13International Flows of Goods & Capital Variables that influence demand for foreign moneyInterest RatesTravel abroadTrade
14Prices for International Transactions Exchange rate - rate at which a person can trade currency of one country for currency of anotherFixed (Pegged), FloatingAppreciation (strengthen) - increase in the value of a currency; amount of foreign currency it can buyDepreciation (weaken) - decrease in the value of a currency; amount of foreign currency it can buy
15Measuring TradeExchange Rate – the value of one foreign nation’s currency in relation to another nation’s currencyDetermining the Rate of Exchange1 Dollar = 12 Mexican Pesos1/12 = .083Hotel room costs 500 Pesos per night.083 x 500 = $41.66500/12 = $41.66Insert a map of your country.15
16Foreign Exchange Market Graph Exchange RateSupply of currencyDemand for currencyEquilibriumexchange rateEquilibriumquantityQuantity of Dollars Exchangedinto Foreign CurrencyAn increase in the demand for U.S. dollars appreciates the value of the currency to other currenciesA decrease in demand for U.S. dollars depreciates the value of the currency to other currenciesAn increase supply of U.S. dollars depreciates the value of the U.S. currencyA decrease in supply of U.S. dollars appreciates the value of the U.S. currency
17Foreign Exchange Market Graph US citizens travel to the England for the 2012 Olympics $/GBPMarket British PoundsMarket for US DollarsGBP/$S1S2Se1e2e1e2D2D1D1Qe1Qe2Qe1Qe2Q of PoundsQ of DollarsAn increase demand of the Pound caused an appreciation of the PoundIncreased supply of US Dollars caused a depreciation of the US Dollar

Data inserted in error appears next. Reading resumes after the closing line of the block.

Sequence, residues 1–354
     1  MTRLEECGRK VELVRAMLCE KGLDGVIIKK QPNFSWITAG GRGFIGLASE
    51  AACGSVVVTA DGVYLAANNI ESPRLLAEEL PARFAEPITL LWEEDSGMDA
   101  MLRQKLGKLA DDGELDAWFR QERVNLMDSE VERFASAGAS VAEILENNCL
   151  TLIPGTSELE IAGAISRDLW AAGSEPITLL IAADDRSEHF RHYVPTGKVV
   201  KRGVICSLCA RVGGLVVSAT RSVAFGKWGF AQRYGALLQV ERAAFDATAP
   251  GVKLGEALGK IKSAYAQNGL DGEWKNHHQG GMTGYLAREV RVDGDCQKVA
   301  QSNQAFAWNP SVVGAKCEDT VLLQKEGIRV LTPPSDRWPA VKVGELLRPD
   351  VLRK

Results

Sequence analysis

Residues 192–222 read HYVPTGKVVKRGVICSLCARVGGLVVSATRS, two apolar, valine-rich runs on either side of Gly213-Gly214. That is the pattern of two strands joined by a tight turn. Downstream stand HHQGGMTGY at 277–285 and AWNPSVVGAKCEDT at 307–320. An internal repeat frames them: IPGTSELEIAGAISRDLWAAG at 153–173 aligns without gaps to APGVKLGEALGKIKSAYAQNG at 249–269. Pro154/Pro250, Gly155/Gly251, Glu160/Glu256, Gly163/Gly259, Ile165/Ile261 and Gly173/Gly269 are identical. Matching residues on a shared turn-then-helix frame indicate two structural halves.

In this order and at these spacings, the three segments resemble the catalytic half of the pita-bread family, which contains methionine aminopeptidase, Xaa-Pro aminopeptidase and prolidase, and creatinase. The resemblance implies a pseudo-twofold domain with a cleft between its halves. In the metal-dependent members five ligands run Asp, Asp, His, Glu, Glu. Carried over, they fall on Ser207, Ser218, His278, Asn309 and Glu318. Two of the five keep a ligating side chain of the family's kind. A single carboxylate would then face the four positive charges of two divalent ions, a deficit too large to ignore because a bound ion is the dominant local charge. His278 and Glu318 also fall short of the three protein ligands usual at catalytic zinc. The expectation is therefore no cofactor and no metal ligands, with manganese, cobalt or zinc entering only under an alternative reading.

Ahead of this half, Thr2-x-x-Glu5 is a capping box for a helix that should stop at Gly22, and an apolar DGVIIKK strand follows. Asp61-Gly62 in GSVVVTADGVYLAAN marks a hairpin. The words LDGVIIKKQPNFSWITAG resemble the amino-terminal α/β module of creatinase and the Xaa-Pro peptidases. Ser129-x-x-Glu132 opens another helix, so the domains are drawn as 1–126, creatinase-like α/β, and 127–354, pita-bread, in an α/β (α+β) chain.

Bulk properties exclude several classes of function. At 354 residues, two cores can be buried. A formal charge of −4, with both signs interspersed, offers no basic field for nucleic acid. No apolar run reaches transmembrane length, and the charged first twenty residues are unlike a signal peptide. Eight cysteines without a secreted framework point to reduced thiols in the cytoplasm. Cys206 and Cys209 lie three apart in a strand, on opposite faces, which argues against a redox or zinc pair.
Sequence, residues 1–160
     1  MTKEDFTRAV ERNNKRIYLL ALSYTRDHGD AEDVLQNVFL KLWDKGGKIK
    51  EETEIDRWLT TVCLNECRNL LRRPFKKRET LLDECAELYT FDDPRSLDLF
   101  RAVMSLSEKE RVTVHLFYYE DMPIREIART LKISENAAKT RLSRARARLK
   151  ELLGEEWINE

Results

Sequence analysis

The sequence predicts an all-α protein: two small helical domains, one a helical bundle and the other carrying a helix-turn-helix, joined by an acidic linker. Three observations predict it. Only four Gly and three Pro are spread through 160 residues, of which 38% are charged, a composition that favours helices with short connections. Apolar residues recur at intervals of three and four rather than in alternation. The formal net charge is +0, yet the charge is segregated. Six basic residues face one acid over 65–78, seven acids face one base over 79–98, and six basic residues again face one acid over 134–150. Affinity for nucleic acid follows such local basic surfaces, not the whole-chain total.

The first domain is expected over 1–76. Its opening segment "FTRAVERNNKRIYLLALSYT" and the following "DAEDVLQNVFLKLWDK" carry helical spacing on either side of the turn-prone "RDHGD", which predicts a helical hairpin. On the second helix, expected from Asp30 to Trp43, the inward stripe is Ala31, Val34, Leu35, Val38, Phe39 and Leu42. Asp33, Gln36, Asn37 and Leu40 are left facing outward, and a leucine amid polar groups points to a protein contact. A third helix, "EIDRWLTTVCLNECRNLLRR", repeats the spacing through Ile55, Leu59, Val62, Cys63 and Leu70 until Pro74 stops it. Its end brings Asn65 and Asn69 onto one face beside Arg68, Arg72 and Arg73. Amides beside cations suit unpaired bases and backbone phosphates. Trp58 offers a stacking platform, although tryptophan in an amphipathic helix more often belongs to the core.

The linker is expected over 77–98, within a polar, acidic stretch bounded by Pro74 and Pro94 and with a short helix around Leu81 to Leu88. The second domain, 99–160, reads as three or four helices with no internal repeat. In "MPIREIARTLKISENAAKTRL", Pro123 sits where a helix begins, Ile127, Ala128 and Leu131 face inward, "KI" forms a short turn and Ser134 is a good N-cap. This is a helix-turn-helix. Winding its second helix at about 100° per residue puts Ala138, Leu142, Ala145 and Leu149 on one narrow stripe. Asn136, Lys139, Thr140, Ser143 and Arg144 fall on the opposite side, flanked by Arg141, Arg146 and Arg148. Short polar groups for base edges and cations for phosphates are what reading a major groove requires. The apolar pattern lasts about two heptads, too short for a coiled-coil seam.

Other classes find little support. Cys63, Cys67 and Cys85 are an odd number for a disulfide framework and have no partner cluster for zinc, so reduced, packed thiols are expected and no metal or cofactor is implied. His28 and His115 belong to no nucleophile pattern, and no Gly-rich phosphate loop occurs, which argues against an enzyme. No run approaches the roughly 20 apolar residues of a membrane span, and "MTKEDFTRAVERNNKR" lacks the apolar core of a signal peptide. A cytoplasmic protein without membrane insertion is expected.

18Foreign Exchange Market Graph French citizens travel to the United States to shop Market for DollarsMarket for Eurose/$$/eS1S2Se2e1e1e2D2D1D1Qe1Qe2Q of DollarsQe1Qe2Q of EurosIncreased supply of Euros caused a depreciation of the Euro to the dollarAn increase demand of the U.S. dollar caused an appreciation of the U.S. dollar
19Foreign Exchange Market Graph Japan suffers a recession after the tsunami Yen MarketYen/$$/YenS2SS1e2eee2D1DD2Q of DollarsQe2Qe1Qe2Qe1Q of YenDecreased supply of Yen caused an appreciation of the Yen to the dollarAn decrease demand of the U.S. dollar caused a depreciation of the U.S. dollar
20(ii) One point is earned for stating that the decrease in the real interest rate caused interest-sensitive spending to increase.• One point is earned for stating that the increase in aggregate demand increases output, which causes an increase in employment.
21MARKET FOR CANADIAN DOLLAR ii. One point is earned for stating that Canadian exports to Mexico will decrease because the appreciation of the Canadian dollar makes Canadian products more expensive for Mexican consumers.